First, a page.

Investigator: Officials knew of Kosovo organ trade

By Nebi Qena

Associated Press

Published: Thursday, Dec. 16 2010 9:52 a.m. MST

Serbia's deputy war crimes prosecutor Bruno Vekaric speaks and gestures during a press conference, in Belgrade, Serbia, Thursday, Dec. 16, 2010. European Union police in Kosovo on Wednesday asked for "hard facts" to back up claims made by an investigator that civilian detainees of the Kosovo Liberation Army were shot to death to sell their kidneys on the black market. Council of Europe investigator Dick Marty rocked Kosovo with his report released Tuesday that also suggested that Prime Minister, Hashim Thaci, was once the "boss" of a criminal underworld behind the alleged grisly trade.

Darko Vojinovic, Associated Press

PRISTINA, Kosovo — An investigator who alleged that the Kosovo Liberation Army was trafficking human kidneys said Thursday that Western police and intelligence officers in the area knew of the grisly trade, as a top Kosovo official said the country's prime minister planned to sue for libel.

Council of Europe investigator Dick Marty, a Swiss senator whose report has rocked Kosovo, told reporters that "inhuman" treatment of people and illicit trafficking of human organs in the immediate aftermath of the country's war for independence from Serbia remains unpunished.

He claimed intelligence and police services were aware of the crimes but chose to remain silent for fear of causing political instability in the volatile region.

"I saw in the eyes of several people the terror to have to talk about these cases. But soon, we discovered that these things were known by intelligence services from the different countries," Marty said. "It was known by police services. It was known by numerous people who, in private, would say yes we know but for political reasons we made the choice or we have the duty to remain silent."

Marty's report, made public Tuesday, alleged that civilian detainees of the KLA rebels were shot to death to sell their kidneys on the black market and suggesting that Thaci was once the "boss" of a criminal underworld behind the grisly trade.

Earlier Thursday, a top Kosovo official said Prime Minister Hashim Thaci is planning to sue Marty for libel. The official, who spoke on condition of anonymity because of the sensitivity of the matter, said that Thaci has contacted attorneys to consult them, and is also considering suing the London-based Guardian newspaper, which first published the report.

The allegations have been dismissed by Kosovo authorities as driven by a Serb-inspired agenda to undermine Kosovo's statehood. Kosovo declared independence in 2008, but Serbia has refused to recognize its sovereignty.

Serbia's war crimes prosecutors expressed their "satisfaction" Thursday with Marty's report and added that their investigation of organ trafficking in the region represents "an important source" of the report.

"This day is very important for the (Serbian) prosecution because we have been working on this case for a long time," Serbia's war crimes Prosecutor Vladimir Vukcevic said.

He claimed that up to 500 people have been the victims of this "classic organized crime" operation, of which 400 were Serbs while the rest are other non-Albanians.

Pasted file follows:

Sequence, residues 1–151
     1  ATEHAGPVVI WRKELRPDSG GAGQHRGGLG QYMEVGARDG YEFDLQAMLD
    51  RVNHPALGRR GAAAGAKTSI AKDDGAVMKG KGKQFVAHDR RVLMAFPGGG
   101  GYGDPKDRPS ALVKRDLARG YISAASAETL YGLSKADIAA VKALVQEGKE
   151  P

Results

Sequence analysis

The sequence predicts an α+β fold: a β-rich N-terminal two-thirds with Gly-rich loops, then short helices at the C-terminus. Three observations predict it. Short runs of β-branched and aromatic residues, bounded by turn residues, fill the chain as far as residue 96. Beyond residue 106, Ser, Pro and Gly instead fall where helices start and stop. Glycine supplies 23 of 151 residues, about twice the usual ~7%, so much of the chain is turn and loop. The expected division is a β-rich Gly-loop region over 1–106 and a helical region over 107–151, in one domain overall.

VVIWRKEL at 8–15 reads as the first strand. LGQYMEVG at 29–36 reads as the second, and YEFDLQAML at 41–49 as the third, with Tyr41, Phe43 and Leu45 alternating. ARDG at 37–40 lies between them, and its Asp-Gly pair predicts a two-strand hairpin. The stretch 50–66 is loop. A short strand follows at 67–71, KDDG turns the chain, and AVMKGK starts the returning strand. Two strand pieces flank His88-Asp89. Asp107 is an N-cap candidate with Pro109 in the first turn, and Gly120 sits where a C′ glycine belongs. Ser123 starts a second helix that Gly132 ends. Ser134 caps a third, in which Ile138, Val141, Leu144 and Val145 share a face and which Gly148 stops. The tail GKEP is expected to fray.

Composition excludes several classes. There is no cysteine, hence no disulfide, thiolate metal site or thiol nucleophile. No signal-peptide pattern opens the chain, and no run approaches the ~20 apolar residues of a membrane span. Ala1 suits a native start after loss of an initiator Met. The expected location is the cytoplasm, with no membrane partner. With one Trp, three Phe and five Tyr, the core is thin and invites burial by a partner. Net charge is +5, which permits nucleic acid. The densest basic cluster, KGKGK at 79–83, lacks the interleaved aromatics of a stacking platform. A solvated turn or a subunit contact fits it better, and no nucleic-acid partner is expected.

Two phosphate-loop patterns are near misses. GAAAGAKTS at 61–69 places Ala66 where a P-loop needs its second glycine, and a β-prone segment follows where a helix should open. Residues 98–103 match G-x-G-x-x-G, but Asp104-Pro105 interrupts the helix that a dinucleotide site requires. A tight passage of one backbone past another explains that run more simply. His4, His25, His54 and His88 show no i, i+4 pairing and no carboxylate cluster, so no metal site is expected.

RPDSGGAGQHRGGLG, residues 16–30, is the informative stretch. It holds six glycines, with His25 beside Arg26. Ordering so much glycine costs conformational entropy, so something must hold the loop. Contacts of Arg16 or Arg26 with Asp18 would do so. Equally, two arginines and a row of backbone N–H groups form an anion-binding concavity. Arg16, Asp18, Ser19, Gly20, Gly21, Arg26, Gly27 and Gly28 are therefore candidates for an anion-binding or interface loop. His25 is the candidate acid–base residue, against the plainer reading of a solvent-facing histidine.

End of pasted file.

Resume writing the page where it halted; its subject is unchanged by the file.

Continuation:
Thaci was the rebel army's political head during the 1998-99 war with Serbia, and his party just won Kosovo's first general elections since it declared its 2008 independence. He has not appeared in public since the report was released, but his office said he was to address the media Thursday afternoon.

The Council of Europe human rights panel for whom Marty conducted the investigation voted Thursday to recommend international and national investigations into the report.

Agron Bajrami, head of Kosovo's largest daily, Koha Ditore, argued that Marty's report will have consequences for Kosovo's Western backers because "it alleges that everybody somehow conspired to hide these terrible crimes."

"This is not only about Mr. Thaci in Kosovo," Bajrami said. "It is also about the Western world and the 1999 intervention. It seems to try to say that whatever happened after the 1999 war was even more terrible than the war itself and what Serbia did here."

NATO bombed Serbia for 78 days to make it stop its brutal crackdown on separatist ethnic Albanians.

Marty led a team of investigators to Kosovo and Albania in 2009, following allegations of organ trafficking published in a book by former U.N. War Crimes tribunal prosecutor Carla Del Ponte who said she was given information by Western journalists.

Marty's investigation found that there were a number of detention facilities in Albania, where both Kosovan opponents of the KLA and Serbs were allegedly held once the hostilities in Kosovo were over in 1999, including a "state-of-the-art reception center for the organized crime of organ trafficking."

EU investigators looking into claims that organ harvesting took place in northern Albania have said they found no proof of the allegations. The EU police force in Kosovo on Wednesday called for those with evidence to come forward.

Associated Press writer Jamey Keaten, Jeff Schaeffer and Dusan Stojanovic contributed to the report.

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